Thai regulator gets tough over consumer rights

Don Sambandaraksa
telecomasia.net
Thailand’s regulator has fined the nation's operators a total of 53 million baht ($1.7 million) for failing to implement interconnection, failing to enforce prepaid registration and continuing to have prepaid credit expiry.
 
In a series of rulings, the NBTC ordered state-owned TOT to enter into an interconnection contract (IC) with Dtac. It also has fined TOT $658 (20,000 baht) a day for failing to implement the IC. Since the case dates back to 8 October 2010, the total amount payable as of 2 January is $539,000 (16,380,000 baht).
 
The second order fined AIS, Dtac, TrueMove and CAT Telecom for failing to enforce pre-paid registration. The NBTC fined each telco $2,634 (80,000 baht) a day, which together makes up $479,000 (14,560,000 baht) since the NBTC first ordered them on 6 July.
 
The third ruling fined AIS, Dtac and TrueMove for continuing to have pre-paid credit expiry. The regulator has fined each of the three $3,292 (100,000 baht) a day. The order to cease prepaid expiry was given back on 30 May 2012 and totals $721,000 (21.9 million baht).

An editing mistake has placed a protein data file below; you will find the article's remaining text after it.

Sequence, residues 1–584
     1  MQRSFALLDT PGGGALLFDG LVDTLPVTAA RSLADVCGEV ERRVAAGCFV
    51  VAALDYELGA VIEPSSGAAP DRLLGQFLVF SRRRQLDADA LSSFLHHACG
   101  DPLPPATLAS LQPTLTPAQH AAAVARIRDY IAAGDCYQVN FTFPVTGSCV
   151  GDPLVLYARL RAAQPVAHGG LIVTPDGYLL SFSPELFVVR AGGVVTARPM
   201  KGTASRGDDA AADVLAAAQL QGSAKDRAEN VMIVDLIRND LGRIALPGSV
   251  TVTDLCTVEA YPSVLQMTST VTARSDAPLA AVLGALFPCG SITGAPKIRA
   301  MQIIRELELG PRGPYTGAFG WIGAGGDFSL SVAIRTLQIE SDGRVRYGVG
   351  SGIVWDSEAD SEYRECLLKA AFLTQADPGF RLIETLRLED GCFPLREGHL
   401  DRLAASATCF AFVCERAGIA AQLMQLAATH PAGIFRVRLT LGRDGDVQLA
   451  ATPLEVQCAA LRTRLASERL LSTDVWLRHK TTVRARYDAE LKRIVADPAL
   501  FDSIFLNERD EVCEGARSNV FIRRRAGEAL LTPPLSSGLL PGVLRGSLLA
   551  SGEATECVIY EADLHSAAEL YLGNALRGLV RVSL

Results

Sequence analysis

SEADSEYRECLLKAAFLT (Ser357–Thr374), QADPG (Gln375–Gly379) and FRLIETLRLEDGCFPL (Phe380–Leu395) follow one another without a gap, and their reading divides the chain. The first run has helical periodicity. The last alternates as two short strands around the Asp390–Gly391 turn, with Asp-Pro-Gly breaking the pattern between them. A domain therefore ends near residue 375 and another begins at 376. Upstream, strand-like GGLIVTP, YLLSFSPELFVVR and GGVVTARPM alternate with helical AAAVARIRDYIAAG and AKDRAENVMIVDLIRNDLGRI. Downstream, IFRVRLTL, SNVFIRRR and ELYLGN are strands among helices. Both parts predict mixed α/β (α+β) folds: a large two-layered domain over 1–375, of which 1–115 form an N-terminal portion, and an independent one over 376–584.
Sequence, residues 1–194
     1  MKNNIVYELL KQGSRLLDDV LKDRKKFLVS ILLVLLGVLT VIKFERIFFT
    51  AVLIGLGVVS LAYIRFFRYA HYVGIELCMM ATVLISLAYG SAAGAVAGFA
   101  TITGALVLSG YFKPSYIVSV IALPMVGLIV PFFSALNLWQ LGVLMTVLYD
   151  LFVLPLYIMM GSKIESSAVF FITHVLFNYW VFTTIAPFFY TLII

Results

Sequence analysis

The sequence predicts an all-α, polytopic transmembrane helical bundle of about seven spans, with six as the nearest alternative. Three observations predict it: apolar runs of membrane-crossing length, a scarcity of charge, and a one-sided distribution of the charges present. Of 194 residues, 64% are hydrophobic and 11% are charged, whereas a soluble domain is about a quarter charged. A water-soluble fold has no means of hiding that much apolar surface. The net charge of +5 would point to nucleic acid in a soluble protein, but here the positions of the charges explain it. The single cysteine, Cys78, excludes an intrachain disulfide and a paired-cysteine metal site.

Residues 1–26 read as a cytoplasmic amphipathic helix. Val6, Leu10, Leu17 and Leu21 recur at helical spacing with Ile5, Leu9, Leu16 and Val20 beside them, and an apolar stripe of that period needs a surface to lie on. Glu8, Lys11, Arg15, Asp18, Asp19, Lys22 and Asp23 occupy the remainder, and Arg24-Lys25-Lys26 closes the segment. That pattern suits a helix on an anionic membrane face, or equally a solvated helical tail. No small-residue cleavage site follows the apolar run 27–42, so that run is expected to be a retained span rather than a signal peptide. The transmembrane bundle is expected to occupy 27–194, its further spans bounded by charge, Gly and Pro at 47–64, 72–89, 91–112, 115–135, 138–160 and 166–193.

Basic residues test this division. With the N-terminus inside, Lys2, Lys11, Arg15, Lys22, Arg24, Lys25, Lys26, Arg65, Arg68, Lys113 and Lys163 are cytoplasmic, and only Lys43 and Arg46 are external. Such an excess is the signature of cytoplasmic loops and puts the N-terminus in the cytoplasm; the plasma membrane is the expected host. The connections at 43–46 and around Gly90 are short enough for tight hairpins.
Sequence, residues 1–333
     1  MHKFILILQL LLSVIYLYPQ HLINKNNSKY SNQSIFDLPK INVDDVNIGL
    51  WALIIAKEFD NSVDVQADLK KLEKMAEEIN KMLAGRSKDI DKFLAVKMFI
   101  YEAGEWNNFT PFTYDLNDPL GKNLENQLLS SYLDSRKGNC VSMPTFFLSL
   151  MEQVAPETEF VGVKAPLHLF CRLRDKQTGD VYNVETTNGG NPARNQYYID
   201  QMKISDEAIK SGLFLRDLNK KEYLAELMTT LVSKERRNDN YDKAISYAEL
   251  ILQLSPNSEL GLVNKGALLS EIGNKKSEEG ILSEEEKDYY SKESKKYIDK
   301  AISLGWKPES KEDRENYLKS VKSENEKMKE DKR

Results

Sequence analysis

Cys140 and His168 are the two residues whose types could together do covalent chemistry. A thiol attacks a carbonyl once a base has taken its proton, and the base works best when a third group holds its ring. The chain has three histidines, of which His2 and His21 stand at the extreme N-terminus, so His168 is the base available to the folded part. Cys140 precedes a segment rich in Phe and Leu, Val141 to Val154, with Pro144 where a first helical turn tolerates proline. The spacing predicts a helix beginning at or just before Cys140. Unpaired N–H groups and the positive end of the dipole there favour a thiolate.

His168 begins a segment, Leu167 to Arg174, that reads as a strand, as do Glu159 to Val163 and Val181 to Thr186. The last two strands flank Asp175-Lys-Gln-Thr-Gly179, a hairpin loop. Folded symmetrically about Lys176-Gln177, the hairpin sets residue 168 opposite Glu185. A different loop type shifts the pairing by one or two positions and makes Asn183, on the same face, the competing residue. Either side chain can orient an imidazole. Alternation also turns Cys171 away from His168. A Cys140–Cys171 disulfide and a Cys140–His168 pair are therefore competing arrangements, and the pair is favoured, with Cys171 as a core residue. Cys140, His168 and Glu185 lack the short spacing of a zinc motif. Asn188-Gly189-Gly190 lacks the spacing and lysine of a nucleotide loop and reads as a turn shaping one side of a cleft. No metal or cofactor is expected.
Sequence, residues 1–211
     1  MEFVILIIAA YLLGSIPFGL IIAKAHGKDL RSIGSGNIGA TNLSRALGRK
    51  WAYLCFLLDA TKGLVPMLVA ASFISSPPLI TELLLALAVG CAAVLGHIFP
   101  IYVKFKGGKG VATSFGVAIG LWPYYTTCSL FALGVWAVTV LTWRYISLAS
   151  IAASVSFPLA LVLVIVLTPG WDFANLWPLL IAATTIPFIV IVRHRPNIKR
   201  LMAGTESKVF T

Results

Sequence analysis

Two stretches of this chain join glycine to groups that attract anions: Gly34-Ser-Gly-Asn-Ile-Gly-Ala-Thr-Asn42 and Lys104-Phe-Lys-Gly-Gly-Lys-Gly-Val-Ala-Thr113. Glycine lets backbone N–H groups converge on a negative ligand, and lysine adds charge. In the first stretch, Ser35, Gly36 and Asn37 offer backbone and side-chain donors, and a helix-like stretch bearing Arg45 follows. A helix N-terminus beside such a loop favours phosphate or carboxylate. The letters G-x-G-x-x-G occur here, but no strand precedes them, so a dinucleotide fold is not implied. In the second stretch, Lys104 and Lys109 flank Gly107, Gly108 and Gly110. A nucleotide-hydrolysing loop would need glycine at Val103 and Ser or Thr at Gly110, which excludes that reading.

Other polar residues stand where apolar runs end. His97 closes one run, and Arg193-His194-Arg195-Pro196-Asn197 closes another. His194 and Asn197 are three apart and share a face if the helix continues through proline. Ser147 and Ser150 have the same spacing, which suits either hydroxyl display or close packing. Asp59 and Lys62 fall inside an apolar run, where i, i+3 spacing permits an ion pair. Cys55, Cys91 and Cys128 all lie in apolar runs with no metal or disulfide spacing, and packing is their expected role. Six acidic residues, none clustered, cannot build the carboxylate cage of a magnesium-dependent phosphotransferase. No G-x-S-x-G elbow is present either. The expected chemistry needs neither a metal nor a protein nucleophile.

All the fines will now continue to run until the telcos comply with the order.
 
NBTC secretary-general Takorn Tantasit said the move was just the first in what he called the year of consumer protection.
 
Thailand’s 3G saga has meanwhile entered a new phase, with the office of the ombudsman appealing against an earlier administrative court decision to not accept its lawsuit trying to annul the auction.
 
The court earlier said that the ombudsman did not have the authority to oversee the national broadcasting and telecommunications commission, an independent body.
 
The ombudsman spokesperson explained that the appeal focused on constitution article 47 (which empowers the NBTC to carry out the auction and issue licences; yet it was the 5-member sub-board which ratified the auction and issued the licences, not the full 11-member board). He explained that article 245 of the constitution explicitly gives the ombudsman authority to prosecute constitutional transgressions.
 
The court received the documents on 2 January and is currently processing the appeal.

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